May 27, 2024
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Linking Northern and Central NJ, Bronx, Manhattan, Westchester and CT

Whatever I Say, Do the Opposite

Parenting is a lot more complicated than I thought. I’ve been a parent for almost 14 years now, and with most jobs, if I haven’t figured out how to do it right in 14 years, I should probably pack my bags and look for something new. I feel like I know less now than when I started.

Are there any grandparenting positions open? I feel like I’d be better at that.

I’m not a bad parent. Nobody is a bad parent, really, except bad parents. Everyone has noble intentions in some way. Very few of us go in with bad intentions. (“Here’s the plan: We’re going to have kids, and then we’re going to ruin their lives.”) It’s just way more complicated than that.

But, for example, one thing about parenting is that you want to teach your child to talk about his feelings with you, but only to an extent. He doesn’t have to tell you every time he’s bored. Because he’s bored a lot. A lot of times you’re like, “What are you doing?” and he says, “Nothing,” and he’s okay with it. In fact, he wants you to go away. But then other times he has nothing to do, and that becomes your problem. He’ll come right out and tell you. (“Oh, you’re finally bored? Awesome! Do all the chores you’ve been avoiding.”) But I’ve learned the hard way that nothing I suggest—even fun things—will actually quell their boredom except the one thing they already decided they wanted to do before they started asking me. They want to go to a friend. They want a screen. They want food coloring.

“You’re not bored. You’re never bored. You just want to ask me something that you know I’m going to refuse, so you’re giving me a problem and letting me come to your desired solution on my own.”

Kids would be great teachers.

But even though on some level we know this, we don’t want our kids to be “bored,” because then they come and interrupt us from the things we have to do that, it turns out, are way harder than anything our parents made us do. We don’t have time for these guessing games. But we always have this fear of what our kids will do if they’re bored, so we feel like we have to provide the entertainment. But here’s the question: If our kids never have to make their own fun, how are they ever going to entertain their bored kids? We’re not raising kids to be equipped with the things that we have to be equipped with to raise them.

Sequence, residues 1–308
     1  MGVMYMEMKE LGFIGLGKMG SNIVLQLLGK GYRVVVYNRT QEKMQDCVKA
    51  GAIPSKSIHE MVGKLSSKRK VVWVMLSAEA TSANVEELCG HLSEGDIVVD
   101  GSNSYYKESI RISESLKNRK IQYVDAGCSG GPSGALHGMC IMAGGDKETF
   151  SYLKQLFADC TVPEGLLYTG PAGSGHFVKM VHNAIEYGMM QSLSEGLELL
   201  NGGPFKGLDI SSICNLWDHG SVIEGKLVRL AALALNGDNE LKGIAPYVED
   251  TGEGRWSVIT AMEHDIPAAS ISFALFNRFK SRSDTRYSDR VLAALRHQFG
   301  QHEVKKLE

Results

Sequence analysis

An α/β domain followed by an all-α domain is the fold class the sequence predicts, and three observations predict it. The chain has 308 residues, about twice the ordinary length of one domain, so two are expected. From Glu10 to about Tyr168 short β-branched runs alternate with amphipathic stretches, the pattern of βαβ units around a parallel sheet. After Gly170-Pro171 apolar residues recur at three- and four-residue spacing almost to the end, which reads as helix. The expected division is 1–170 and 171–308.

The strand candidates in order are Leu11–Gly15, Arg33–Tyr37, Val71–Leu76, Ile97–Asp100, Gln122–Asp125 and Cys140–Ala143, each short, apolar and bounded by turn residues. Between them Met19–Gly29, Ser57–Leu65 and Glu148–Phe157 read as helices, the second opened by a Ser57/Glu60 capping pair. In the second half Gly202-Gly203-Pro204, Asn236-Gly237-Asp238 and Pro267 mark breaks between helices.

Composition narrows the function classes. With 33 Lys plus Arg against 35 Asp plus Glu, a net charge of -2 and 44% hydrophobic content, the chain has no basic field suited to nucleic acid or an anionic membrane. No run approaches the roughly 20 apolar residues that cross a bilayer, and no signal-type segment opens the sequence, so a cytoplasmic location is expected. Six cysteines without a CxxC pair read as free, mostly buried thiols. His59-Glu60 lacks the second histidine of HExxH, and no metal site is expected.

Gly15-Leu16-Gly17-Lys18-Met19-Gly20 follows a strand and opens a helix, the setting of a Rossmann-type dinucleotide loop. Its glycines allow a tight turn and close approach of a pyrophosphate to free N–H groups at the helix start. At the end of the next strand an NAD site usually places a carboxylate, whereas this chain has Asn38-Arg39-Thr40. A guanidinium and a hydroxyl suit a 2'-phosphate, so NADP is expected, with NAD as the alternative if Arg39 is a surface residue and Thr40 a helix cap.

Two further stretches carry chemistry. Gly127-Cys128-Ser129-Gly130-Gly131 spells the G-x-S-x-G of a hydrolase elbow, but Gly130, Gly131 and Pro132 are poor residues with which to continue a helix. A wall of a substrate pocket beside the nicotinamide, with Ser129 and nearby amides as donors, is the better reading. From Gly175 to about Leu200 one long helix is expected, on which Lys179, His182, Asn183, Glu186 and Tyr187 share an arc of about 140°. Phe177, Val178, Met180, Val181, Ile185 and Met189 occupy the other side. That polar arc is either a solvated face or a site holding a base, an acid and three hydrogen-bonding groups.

And that’s why experts these days are saying that boredom is actually good for kids. They say that if a kid is bored and forced to come up with his own activities, he eventually discovers what he has a natural talent for that he can do going forward. This allows for a richer society where not everyone is doing the same thing. Because nowadays, most kids think their talents lie somewhere in the video game industry.

But this way your kids discover a hobby. For example, my kids discovered that they’re interested in bothering me every two seconds for something to do. That’s their hobby. Now they can grow up and figure out how to monetize that.

Now obviously too much boredom isn’t good, and kids have to be supervised somewhat. But that’s why we send them to school. Either they’ll pay attention and learn something, or they’ll be so bored they’ll figure out their own thing. That’s probably why all my teachers growing up were boring. They were boring, so instead of listening, I sat there and wrote stories. That’s how kids decide what they want to be.

But on the other hand, our kids see boredom as a punishment, because that’s all we’re allowed to do to them anymore. Everyone says that potching is out of vogue, so what do we do? Confiscate things? I’m supposed to buy my kids extra things so I can take them away if they don’t behave? Apparently.

But it doesn’t always work. I have one child, who, like me, has a serious imagination. He needs nothing. I can take things away all day, and his response is, “Okay, so I’ll pretend I still have it.”

Not that potching would help me anyway. I have another son who plays sports all day, and the injuries he gets on a daily basis and shrugs off are worse than anything I would ever do to him.

“A potch? Really? See this fingernail? It’s discolored because all my friends stepped on it. By mistake.”

I know! I’ll be nice to my grandkids! That’ll show ’em.

By Mordechai Schmutter


Mordechai Schmutter is a freelance writer and a humor columnist for Hamodia and other magazines. He also has six books out and does stand-up comedy. You can contact him at [email protected].

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